8. What remains for consideration then is, the question of limitation. Mr. Vedantachari for the appellant contends that the proper Article to apply in this case will be Article 131, which provides, for a period of 12 years for establishing a periodically recurring right. The question that falls to be decided therefore is whether a claim to recover melwaram from the kudiwaram owners in a case not governed by the provisions of the Madras Estates Land Act would be a claim for rent coming under Article 110 of the Limitation Act, or a claim for a periodically recurring right. From what we have Stated above the right of the appellant in the present case is to recover a particular share of the produce of the land from the kudiwaramdar. He will have that right against every person who is in possession of the land. In other words the kudiwaram interest being a distinct one in the land and the right of the inamdar being to recover melwaram from such kudiwaramdar the former would have the right to recover rent from any person in possession of the land. The amount to be paid by the .kudiwaramdar will also vary from year to year in proportion to the produce on the land. Prima facie, therefore, the landlord's share, that is the melwaram can be regarded as a periodically recurring right.
In Rajah of Bobbili v. State of Madras, : AIR1952Mad203 , Venkatarama Iyer, J. observed at p. 202 (of Mad LJ) : (at p. 222 of AIR):
'It is true as already pointed out, that the rights of the Zamindar differ in material particulars from those of the landlord under the general law, but these differences do not affect the relationship of the zamindar and the ryots in law which that of a landlord and a tenant. Nor do they alter the character of the payments made by the ryot to the zamindar whether in kind or money which is rent. The legislation on this subject has proceeded for nearly a century on the basis that they stand in the relationship of landlord and tenant, and it is too late in the day to dispute) that position.'
These observations relate to a case to which the provisions of the Madras Estates Land Act applied. But as we stated earlier, the provisions of that Act will not apply to the present case as it is a pre-settlement minor inam.
In Secy. of State v. Parashram Madhavarao , it was held by the Privy Council that where there was a right to recover a certain percentage of the collections from the villagers, the right might be described to be a periodically recurring right. Again in Alubi v. Kunhibi, ILR 10 Mad 115, where the Government was entitled to collect a sum of money from certain jenmis of paramba as revenue, transferred the right to collect such revenue to the trustees of a mosque, the claim of the trustees against the jenmis was held to be governed by Article 131 of the Limitation Act. The learned Judges observe :
'What the plaintiff seems to recover is rent or revenue which has accrued. Each year's rent or revenue is a recurring right within Article 131. It is not correct to say that the relation of landlord and tenant did not subsist between the trustees of the mosque and the jenmis, inasmuch as the plaintiff is the party entitled to recover the rent) or revenue payable out of the land and the defendants as the jenmis in possession of the land are. bound to pay the plaintiff is entitled to recover 12 years' rent or revenue upto date of suit under Article 131 as a recurring right and also under Article 132 as money charged on land'.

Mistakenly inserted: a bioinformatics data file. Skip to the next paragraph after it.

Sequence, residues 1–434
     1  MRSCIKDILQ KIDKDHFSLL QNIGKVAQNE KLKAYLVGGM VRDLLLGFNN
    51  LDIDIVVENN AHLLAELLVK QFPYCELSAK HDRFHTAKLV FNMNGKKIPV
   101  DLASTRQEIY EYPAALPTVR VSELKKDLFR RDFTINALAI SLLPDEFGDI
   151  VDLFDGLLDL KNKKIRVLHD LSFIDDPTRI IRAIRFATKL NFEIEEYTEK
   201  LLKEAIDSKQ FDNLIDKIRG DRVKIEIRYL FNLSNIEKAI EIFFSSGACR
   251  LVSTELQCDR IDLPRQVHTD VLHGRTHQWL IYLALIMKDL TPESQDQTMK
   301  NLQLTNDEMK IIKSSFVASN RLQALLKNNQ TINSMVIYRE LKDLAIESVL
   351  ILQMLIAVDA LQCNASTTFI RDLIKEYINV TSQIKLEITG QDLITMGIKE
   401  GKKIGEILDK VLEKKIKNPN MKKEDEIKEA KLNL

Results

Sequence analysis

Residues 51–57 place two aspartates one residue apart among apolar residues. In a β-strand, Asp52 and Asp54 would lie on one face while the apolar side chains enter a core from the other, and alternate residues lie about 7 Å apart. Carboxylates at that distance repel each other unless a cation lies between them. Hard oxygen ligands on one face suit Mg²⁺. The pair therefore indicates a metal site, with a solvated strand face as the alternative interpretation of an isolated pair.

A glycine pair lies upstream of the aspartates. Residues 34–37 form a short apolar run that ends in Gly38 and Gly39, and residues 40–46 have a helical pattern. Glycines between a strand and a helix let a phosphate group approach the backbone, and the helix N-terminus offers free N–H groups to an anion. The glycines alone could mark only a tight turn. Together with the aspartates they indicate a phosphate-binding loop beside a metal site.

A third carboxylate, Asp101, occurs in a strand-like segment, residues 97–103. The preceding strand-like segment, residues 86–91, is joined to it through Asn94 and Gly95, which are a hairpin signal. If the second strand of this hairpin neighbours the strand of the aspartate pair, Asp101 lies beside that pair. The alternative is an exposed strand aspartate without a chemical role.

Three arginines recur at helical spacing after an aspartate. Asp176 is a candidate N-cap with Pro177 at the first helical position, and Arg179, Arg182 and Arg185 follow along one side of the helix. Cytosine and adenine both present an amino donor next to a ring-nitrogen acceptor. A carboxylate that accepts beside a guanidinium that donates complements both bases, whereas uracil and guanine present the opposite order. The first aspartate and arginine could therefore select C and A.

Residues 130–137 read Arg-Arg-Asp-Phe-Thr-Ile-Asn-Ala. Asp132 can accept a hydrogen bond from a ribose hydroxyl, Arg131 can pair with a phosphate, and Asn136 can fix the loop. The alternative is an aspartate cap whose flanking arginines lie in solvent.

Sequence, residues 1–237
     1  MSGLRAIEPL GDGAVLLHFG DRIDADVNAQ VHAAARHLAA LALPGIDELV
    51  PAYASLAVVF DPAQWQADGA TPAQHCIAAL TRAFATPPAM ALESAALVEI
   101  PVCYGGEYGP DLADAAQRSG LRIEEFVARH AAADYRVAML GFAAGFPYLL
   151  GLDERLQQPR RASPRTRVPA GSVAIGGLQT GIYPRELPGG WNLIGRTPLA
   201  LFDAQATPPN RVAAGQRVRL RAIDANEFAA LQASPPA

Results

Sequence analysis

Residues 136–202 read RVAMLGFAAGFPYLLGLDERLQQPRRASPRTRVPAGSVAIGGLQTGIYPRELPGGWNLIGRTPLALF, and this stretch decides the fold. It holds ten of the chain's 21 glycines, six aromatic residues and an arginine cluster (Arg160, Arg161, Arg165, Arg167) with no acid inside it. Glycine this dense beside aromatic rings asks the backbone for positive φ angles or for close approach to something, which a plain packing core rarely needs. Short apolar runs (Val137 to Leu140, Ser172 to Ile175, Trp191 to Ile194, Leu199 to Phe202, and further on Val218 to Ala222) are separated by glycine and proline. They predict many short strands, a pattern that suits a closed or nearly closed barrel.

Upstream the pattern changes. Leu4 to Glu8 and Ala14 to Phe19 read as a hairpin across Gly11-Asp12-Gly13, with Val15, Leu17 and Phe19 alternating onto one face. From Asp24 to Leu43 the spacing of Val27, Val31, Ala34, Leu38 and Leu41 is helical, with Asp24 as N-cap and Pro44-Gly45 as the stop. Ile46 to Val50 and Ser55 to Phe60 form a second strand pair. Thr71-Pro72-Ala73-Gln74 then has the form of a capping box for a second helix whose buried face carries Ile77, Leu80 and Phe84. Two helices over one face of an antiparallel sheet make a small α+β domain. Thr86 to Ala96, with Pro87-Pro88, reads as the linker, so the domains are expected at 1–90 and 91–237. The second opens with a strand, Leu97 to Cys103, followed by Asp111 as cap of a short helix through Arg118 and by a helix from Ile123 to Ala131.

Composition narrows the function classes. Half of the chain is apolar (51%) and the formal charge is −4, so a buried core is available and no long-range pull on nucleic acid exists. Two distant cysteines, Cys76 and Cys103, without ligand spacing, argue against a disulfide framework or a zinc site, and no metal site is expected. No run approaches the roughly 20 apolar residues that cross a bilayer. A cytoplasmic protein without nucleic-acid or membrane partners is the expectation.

This case would therefore support the view that the right to receive rent, can under certain circumstances be regarded as a right to receive periodical payments within the meaning of Article 131 of the Limitation Act. This court has also held in Zamorin of Calicut v. Achutha Menon, ILR 38 Mad 916 : (IR 1914 Mad 377 that a suit which was for recovery of arrears of aditna allowance came within Article 131 in Jagannatha Pandiajeer v. Muthian Pillai 14 Mad LJ 477 was applied to a claim by the landholder to recover rent but as pointed out by Srinivasan J. the claim in that case was limited to three years' arrears only. Krishniah v. Lodd Govindadass Krishnadas : AIR1938Mad47 was concerned with a suit to recover kavimera that is a portion out of the melwaram collected by the zamindar. It was held to come within Article 131. Similar was. the view taken in Thangaraja Pandian v. Veeraraghava Aiyangar : (1958)1MLJ69 . But the last two cases can be distinguished on the ground that the claim was against the zamindar out of his melwaram collections and not one against the tenant.
But having regard to the nature of the right in the present case, we are of opinion that it cannot be regarded as rent coming within Article 110 of the Limitation Act; it is a periodically recurring right within the meaning of Article 131. We are, therefore unable with great respect, to share the view of Srinivasan, J. that in the present case, a portion of the claim is barred by limitation. In this view it is unnecessary to consider the other objection raised by the appellant, that the learned Judge had no jurisdiction to give relief to the defendants in L. P. A. No. 1 of 1961 on the point of limitation when they had not filed any memorandum of cross objections challenging the order of the lower court in that regard. We, therefore confirm the judgment of Srinivasan J. with this modification, namely, that the appellant will be entitled to recover the entire arrears of rent from fasli 1360 and that this claim is not barred by limitation. No order as to costs.